Gell-Mann matrices

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Murray Gell-Mann

The Gell-Mann matrices, named for Murray Gell-Mann, are one possible representation of the infinitesimal generators of the special unitary group called SU(3). The Lie algebra of this group (a real Lie algebra in fact) has dimension eight and therefore it has some set with eight linearly independent generators, which can be written as g_i, with i taking values from 1 to 8.

Defining relations[edit]

These Lie Algebra elements obey the commutation relations

[g_i, g_j] = if^{ijk} g_k \,

where a sum over the index k is implied. The structure constants f^{ijk} are completely antisymmetric in the three indices and have values

f^{123} = 1 \ , \quad f^{147} = f^{165} = f^{246} = f^{257} = f^{345} = f^{376} = \frac{1}{2} \ , \quad f^{458} = f^{678} = \frac{\sqrt{3}}{2} \ .

Any set of Hermitian matrices which obey these relations qualifies. A particular choice of matrices is called a group representation, because any element of SU(3) can be written in the form \mathrm{exp}(i \theta_j g_j), where \theta_j are real numbers and a sum over the index j is implied. Given one representation, another may be obtained by an arbitrary unitary transformation, since that leaves the commutator unchanged.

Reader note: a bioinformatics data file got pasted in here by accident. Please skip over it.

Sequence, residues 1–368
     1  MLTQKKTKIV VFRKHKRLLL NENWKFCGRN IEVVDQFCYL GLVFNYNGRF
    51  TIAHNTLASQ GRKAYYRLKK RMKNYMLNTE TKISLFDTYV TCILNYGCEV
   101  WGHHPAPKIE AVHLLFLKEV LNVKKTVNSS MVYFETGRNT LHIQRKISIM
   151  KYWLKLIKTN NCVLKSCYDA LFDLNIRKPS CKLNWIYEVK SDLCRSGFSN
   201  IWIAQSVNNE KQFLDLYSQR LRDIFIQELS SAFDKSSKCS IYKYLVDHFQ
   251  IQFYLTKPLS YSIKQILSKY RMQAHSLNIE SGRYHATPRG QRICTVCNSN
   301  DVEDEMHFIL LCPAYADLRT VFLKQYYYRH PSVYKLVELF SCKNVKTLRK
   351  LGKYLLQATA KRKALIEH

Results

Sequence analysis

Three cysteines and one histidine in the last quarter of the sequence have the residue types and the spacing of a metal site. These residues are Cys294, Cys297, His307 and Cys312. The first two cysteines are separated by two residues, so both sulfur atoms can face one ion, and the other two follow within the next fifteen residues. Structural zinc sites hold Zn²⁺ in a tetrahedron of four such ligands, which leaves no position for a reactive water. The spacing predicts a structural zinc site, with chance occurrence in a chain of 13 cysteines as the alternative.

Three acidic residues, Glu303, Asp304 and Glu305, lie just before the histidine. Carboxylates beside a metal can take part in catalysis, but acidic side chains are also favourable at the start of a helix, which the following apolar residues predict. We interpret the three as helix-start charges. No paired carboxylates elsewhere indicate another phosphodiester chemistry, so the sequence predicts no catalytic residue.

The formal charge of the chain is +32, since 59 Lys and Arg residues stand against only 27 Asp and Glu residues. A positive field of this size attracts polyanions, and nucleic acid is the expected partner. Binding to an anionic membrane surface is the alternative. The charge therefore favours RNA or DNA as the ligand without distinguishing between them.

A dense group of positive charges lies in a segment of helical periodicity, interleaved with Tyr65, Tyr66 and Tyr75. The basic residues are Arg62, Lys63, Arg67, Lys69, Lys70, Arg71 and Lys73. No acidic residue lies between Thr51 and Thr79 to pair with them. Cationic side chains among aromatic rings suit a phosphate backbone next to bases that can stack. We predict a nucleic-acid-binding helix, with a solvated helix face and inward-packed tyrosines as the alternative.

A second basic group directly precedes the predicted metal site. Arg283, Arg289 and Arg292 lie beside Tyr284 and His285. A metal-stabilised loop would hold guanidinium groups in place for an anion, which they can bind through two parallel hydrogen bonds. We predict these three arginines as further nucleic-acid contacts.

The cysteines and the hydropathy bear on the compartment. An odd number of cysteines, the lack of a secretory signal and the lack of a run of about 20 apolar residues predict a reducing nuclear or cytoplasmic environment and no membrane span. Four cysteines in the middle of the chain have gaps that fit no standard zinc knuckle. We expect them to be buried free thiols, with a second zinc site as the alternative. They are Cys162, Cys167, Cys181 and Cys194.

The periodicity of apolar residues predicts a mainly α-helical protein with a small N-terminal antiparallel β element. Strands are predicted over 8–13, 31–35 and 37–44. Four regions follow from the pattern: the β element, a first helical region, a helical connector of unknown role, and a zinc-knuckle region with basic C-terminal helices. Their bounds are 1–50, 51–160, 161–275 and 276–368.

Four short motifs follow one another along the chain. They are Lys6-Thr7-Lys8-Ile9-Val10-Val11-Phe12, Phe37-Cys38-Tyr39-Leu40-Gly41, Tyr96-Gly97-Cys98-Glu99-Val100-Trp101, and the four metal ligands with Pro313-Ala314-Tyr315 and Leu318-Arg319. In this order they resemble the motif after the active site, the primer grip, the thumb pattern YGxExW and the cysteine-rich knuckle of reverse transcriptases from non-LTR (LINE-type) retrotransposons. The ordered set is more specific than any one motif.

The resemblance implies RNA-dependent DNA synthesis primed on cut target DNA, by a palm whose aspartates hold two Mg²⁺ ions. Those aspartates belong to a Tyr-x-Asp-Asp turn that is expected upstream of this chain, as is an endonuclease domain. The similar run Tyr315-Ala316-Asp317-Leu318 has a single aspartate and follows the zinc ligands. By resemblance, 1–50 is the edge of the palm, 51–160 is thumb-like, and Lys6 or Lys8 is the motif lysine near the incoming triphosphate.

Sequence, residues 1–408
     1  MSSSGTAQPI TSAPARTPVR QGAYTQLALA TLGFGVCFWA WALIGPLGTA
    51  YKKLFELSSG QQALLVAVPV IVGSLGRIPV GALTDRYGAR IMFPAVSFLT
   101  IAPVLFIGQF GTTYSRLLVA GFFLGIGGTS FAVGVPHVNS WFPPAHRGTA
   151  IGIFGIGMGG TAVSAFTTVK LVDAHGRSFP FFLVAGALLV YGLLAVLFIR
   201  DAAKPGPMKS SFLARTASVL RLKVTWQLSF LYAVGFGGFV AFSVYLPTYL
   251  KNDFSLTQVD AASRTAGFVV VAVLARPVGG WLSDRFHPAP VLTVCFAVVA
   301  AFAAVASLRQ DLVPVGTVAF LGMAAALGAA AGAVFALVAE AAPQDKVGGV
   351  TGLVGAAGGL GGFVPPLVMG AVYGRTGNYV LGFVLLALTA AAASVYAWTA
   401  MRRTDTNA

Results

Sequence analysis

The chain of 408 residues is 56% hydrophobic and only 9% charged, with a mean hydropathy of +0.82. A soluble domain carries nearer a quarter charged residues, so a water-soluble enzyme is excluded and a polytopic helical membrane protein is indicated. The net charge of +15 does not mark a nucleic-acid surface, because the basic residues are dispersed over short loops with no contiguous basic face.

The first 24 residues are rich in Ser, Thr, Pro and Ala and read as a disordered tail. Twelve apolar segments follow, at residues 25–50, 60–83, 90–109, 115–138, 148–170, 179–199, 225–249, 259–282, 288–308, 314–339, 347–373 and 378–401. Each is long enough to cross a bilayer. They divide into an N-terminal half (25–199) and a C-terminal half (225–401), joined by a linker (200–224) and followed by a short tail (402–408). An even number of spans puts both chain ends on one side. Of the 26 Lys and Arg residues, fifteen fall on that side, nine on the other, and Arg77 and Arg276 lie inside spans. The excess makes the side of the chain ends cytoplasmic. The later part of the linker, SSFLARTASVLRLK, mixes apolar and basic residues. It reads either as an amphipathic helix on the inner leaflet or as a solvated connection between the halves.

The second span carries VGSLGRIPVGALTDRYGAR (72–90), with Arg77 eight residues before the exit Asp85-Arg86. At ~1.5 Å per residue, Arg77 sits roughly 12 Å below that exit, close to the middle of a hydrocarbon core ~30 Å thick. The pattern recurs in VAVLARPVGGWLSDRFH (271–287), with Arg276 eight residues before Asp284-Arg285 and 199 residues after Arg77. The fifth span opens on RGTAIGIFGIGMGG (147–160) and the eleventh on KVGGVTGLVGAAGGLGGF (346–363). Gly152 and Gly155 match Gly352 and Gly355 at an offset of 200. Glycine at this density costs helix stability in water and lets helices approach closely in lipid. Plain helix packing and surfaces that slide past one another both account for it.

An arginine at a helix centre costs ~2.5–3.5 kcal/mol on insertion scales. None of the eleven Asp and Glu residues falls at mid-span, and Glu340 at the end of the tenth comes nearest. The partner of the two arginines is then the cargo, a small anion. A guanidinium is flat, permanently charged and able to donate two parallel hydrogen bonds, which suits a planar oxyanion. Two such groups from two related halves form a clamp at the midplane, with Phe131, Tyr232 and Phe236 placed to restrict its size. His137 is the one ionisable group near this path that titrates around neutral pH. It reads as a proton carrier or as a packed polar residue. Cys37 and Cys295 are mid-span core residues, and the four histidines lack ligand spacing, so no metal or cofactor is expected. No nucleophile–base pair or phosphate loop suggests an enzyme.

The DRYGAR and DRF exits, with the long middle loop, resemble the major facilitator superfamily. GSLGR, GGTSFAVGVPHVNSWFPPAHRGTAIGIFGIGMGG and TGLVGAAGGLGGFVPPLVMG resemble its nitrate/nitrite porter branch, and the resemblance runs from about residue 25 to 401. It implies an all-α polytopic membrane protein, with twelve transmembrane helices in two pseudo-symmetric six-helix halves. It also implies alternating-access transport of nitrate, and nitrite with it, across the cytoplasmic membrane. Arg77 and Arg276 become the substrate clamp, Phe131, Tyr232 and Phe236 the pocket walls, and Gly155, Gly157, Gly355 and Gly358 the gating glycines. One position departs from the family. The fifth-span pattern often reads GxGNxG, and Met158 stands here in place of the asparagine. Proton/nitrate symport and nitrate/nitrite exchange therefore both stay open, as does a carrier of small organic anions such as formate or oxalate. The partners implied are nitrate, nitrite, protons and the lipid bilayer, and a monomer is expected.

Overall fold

Particular representations[edit]

An important representation involves 3×3 matrices, because the group elements then act on complex vectors with 3 entries, i.e., on the fundamental representation of the group. A particular choice of this representation is

\lambda_1 = \begin{pmatrix} 0 & 1 & 0 \\ 1 & 0 & 0 \\ 0 & 0 & 0 \end{pmatrix} \lambda_2 = \begin{pmatrix} 0 & -i & 0 \\ i & 0 & 0 \\ 0 & 0 & 0 \end{pmatrix} \lambda_3 = \begin{pmatrix} 1 & 0 & 0 \\ 0 & -1 & 0 \\ 0 & 0 & 0 \end{pmatrix}
\lambda_4 = \begin{pmatrix} 0 & 0 & 1 \\ 0 & 0 & 0 \\ 1 & 0 & 0 \end{pmatrix} \lambda_5 = \begin{pmatrix} 0 & 0 & -i \\ 0 & 0 & 0 \\ i & 0 & 0 \end{pmatrix}
\lambda_6 = \begin{pmatrix} 0 & 0 & 0 \\ 0 & 0 & 1 \\ 0 & 1 & 0 \end{pmatrix} \lambda_7 = \begin{pmatrix} 0 & 0 & 0 \\ 0 & 0 & -i \\ 0 & i & 0 \end{pmatrix} \lambda_8 = \frac{1}{\sqrt{3}} \begin{pmatrix} 1 & 0 & 0 \\ 0 & 1 & 0 \\ 0 & 0 & -2 \end{pmatrix}

and g_i = \lambda_i/2.

These matrices are traceless, Hermitian, and obey the extra relation \mathrm{tr}(\lambda_i \lambda_j) = 2\delta_{ij}. These properties were chosen by Gell-Mann because they then generalize the Pauli matrices for SU(2). They also naturally extend to general SU(n), cf. Generalizations of Pauli matrices.

In this representation, it is clear that the Cartan subalgebra is the set of linear combinations (with real coefficients) of the two matrices \lambda_3 and \lambda_8, which commute with each other. There are 3 independent SU(2) subgroups: \{\lambda_1, \lambda_2, \lambda_3\}, \{\lambda_4, \lambda_5, x\}, and \{\lambda_6, \lambda_7, y\}, where the x and y are linear combinations of \lambda_3 and \lambda_8.

The squared sum of the Gell-Mann matrices gives the Casimir operator:

 C = \sum_{i=1}^8 \lambda_i \lambda_i = 16/3 .

These matrices are needed to study the internal rotations between the different coloured quarks in Quantum Chromodynamics.

See also[edit]

References[edit]